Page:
The ratio between visits and views is really important. You need to know that unique visitors are staying and taking a look around your shop. Are they favouriting items or bookmarking your shop? If your visit and view numbers are similar there’s a problem because it means people are clicking on your shop and then leaving again straight away. That’s not a good statistic. My ratios are pretty good, so that’s a good sign for now.
But no matter what you do, it is still difficult to beat the system and I regularly read complaints from customers who are bombarded with cheap, free shipping items pushed to the top of their searches rather than what they want. And that’s down to Etsy, not sellers. Competing with other shops on the site who don’t follow the traditional ethos is not easy if you are small, but it is inevitable. The reality is that not every company selling on Etsy is handmade, small business or ethical (how things have changed) and that is something you just need to deal with because Etsy has let them sell under their banner.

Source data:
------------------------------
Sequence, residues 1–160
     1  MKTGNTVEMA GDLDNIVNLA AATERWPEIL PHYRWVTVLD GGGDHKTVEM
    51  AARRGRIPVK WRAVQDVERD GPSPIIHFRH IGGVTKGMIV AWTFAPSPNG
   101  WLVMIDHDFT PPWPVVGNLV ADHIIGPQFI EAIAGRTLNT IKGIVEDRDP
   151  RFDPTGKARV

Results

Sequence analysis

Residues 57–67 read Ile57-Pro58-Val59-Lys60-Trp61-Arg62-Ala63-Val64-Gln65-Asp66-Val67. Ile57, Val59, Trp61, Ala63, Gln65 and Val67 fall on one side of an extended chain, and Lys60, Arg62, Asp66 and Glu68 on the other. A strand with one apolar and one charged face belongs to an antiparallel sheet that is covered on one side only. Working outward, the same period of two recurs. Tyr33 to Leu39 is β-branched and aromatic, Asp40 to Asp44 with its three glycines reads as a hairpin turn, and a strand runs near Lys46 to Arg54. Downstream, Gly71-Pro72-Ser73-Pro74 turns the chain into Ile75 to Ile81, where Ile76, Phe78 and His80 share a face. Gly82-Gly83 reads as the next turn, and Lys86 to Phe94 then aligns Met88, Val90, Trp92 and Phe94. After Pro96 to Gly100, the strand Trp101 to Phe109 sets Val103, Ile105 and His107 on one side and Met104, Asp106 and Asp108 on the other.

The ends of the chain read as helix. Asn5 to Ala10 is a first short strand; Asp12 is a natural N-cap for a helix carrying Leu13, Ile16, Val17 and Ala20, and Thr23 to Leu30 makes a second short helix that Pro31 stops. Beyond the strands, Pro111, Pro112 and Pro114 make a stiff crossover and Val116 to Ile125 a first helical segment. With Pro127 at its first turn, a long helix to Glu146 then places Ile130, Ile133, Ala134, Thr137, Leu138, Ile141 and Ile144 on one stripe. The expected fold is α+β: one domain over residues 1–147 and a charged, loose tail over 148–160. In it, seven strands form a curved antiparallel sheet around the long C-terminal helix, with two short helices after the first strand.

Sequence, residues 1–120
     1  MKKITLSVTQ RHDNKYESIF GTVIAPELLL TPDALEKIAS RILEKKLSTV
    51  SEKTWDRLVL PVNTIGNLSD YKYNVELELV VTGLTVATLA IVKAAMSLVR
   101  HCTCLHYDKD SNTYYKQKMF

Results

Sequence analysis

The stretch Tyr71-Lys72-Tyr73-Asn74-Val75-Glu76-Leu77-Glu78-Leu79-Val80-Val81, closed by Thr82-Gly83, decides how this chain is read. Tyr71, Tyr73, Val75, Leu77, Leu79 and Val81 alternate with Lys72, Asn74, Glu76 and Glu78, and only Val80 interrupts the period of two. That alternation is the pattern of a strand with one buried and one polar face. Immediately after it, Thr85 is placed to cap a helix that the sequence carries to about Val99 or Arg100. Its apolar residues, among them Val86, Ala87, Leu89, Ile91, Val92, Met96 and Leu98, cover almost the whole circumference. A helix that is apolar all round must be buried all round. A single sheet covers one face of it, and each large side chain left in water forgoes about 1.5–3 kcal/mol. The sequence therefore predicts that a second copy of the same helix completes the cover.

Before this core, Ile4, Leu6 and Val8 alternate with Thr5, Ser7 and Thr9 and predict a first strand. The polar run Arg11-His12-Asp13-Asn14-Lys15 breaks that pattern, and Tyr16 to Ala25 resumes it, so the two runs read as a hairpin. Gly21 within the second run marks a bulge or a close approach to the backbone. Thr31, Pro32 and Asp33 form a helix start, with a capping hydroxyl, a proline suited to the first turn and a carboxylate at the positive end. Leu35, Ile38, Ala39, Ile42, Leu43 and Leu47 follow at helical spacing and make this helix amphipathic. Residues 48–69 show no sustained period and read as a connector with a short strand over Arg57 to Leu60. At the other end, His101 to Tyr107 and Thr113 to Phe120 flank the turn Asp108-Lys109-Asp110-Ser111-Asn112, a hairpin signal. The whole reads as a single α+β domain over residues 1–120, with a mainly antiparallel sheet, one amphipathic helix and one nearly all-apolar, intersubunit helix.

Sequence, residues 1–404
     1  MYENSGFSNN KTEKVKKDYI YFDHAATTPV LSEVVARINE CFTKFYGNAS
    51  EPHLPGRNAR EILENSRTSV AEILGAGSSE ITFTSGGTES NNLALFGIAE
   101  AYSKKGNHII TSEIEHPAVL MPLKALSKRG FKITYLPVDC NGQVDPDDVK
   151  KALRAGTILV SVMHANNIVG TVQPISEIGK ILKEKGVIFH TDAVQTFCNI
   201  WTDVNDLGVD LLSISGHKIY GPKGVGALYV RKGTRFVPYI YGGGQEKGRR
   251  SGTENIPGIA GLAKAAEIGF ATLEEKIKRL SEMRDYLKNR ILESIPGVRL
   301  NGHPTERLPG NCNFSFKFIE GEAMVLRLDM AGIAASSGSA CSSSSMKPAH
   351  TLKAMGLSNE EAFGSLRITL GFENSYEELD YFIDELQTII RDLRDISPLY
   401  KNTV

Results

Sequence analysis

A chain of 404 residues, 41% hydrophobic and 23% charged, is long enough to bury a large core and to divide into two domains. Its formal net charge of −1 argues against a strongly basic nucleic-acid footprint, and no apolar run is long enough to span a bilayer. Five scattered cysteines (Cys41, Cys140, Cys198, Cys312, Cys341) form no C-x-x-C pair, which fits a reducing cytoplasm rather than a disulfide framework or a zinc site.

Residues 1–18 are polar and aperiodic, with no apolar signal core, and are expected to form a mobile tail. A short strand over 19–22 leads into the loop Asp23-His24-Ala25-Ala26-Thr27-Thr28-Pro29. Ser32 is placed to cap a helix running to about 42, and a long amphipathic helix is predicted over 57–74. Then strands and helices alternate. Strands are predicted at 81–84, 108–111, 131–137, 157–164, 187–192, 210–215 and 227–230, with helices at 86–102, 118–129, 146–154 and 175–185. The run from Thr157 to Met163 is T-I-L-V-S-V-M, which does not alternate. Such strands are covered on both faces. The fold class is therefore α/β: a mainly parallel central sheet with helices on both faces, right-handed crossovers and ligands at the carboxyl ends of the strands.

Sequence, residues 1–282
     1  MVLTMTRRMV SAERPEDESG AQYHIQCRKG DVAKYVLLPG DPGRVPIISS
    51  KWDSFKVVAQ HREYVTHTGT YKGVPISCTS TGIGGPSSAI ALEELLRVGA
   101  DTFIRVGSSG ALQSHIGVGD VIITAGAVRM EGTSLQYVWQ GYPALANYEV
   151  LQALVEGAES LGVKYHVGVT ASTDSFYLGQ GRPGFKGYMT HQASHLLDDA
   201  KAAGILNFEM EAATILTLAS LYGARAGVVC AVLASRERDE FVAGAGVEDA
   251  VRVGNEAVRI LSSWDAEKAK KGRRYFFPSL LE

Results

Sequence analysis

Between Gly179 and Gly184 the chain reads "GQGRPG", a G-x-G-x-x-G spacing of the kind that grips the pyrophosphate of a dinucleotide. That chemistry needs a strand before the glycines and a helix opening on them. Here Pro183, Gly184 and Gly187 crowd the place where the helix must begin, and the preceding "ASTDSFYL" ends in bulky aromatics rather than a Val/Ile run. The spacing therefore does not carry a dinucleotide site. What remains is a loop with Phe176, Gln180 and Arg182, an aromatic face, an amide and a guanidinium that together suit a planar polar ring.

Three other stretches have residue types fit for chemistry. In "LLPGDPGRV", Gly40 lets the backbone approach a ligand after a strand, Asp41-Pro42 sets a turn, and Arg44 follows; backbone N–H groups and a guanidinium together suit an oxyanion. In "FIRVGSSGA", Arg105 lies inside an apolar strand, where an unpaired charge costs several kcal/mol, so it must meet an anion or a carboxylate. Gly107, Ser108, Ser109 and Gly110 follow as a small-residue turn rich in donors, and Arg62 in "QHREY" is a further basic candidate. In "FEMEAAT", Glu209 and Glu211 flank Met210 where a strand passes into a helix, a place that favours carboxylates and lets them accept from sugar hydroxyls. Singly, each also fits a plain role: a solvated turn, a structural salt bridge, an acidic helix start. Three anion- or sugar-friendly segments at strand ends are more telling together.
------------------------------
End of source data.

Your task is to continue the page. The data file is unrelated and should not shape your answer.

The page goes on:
If you don’t want to put your hand into your pocket to fund shipping costs, or drop your prices drastically (both great ways to bankrupt yourself but what Etsy wants you to do in order to climb the ranks), then you may have to accept that you will appear lower down the page listings. Customers report having to scroll 8 pages into their results to find what they thought would come to the top of the pile, but at least some of them are aware of this and keep on searching. I am starting to see my items appearing on page 1 in search results but I rely on users using reasonably specific search terms in order to be found. Getting to grips with how customers do search is an ongoing issue and something I will definitely be experimenting with more in the coming weeks.